Health News Florida
4:01 pm
Wed October 3, 2012

Dr. Kiran Patel strikes gold with Medicare HMOs. Again.

Dr. Kiran Patel of Tampa, who donated $12 million to University of South Florida on Tuesday, can well afford the gift. His fast-growing Medicare Advantage plans are booming.

Patel’s plans, which operate in five states under the umbrella corporation America’s 1st Choice Holdings, will take in more than $1 billion this year, according to analyst Carl McDonald of Citigroup Global Markets.

When Health News Florida asked whether McDonald’s estimate was accurate, Patel said the total is closer to $1.4 billion.


That includes $350 million in annual revenue from his California plan, Easy Choice, he said. Last month, Tampa-based WellCare Health Plans announced it was buying Easy Choice for an undisclosed sum.

But Patel still controls plans in North Carolina, South Carolina, New York and Florida. When he gets ready to sell those, he said, the deal will be so big “I won’t be able to keep it secret.”

Most of the 91,000 members in America’s 1st Choice are in Florida, enrolled in Freedom Health and Optimum Health Care. In Florida, Medicare payment rates are among the highest in the nation, McDonald said.

The plans, which operate out of a modest set of offices behind a motel in Tampa, added 30,000 Medicare members in the past year – a growth rate of 50 percent, McDonald said.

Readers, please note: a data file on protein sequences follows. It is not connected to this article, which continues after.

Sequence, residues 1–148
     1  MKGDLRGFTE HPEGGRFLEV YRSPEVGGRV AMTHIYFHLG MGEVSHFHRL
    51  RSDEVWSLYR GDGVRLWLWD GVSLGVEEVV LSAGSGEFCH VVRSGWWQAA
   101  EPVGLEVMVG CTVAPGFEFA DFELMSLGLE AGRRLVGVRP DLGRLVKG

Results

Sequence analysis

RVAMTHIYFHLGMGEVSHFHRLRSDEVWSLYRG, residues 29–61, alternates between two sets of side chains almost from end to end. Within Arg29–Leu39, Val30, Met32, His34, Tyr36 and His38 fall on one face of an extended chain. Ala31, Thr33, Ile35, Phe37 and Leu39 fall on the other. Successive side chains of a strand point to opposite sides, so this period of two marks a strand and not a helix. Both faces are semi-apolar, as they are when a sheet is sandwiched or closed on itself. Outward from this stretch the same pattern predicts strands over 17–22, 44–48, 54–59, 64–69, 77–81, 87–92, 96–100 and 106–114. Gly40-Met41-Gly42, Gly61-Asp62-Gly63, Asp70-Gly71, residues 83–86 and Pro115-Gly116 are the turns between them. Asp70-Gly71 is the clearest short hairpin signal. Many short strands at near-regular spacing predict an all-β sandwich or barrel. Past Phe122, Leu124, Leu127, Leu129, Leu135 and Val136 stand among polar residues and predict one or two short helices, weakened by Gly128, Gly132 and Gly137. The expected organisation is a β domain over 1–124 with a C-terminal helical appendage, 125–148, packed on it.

Patel said that when he took over Freedom and Optimum in 2007, they had combined losses of $13 million. He built them into a billion-dollar company in just five years, boosting employment from 100 to 800 during a recession.

That’s what drives Patel. “I enjoy it,” he said.

It’s not the first time he’s turned around a managed-care plan. He bought a struggling Medicaid plan called WellCare in 1997 and parlayed it into a multistate phenomenon, selling it in 2002 for $117.5 million.

(The investors took the company public and its growth was impressive until late 2007, when federal officials made public charges of Medicaid fraud against the company and its former executives. The company paid $80 million in May 2009 and reached a civil settlement with the Department of Justice for $137.5 million in 2010. In 2011, a federal judge approved a $200-million class-action settlement. Criminal charges are still pending against three former executives.

(Patel was long gone when the fraud began, records show.)

When Patel sold WellCare, he signed a non-compete agreement that kept him out of the managed care business for five years, during which he created the Foundation for Global Understanding. That led to the Patel College of Global Sustainability at USF, announced on Tuesday with a $12-million endowment from Patel and his wife, Dr. Pallavi Patel.

Altogether the couple has donated $26 million to the university, where Kiran Patel sits on the board of trustees.

The Patel school recently entered a partnership with a UN affiliate to conduct research on emerging urban areas around the world. The college is expected to enroll up to 200 students pursuing graduate degrees in Global Sustainability.
 
--Health News Florida, journalism for a healthy state, is part of WUSF Public Media. Question? Comment? Contact Carol Gentry, Editor, at 727-410-3266 or Carol.Gentry@HealthNewsFlorida.org.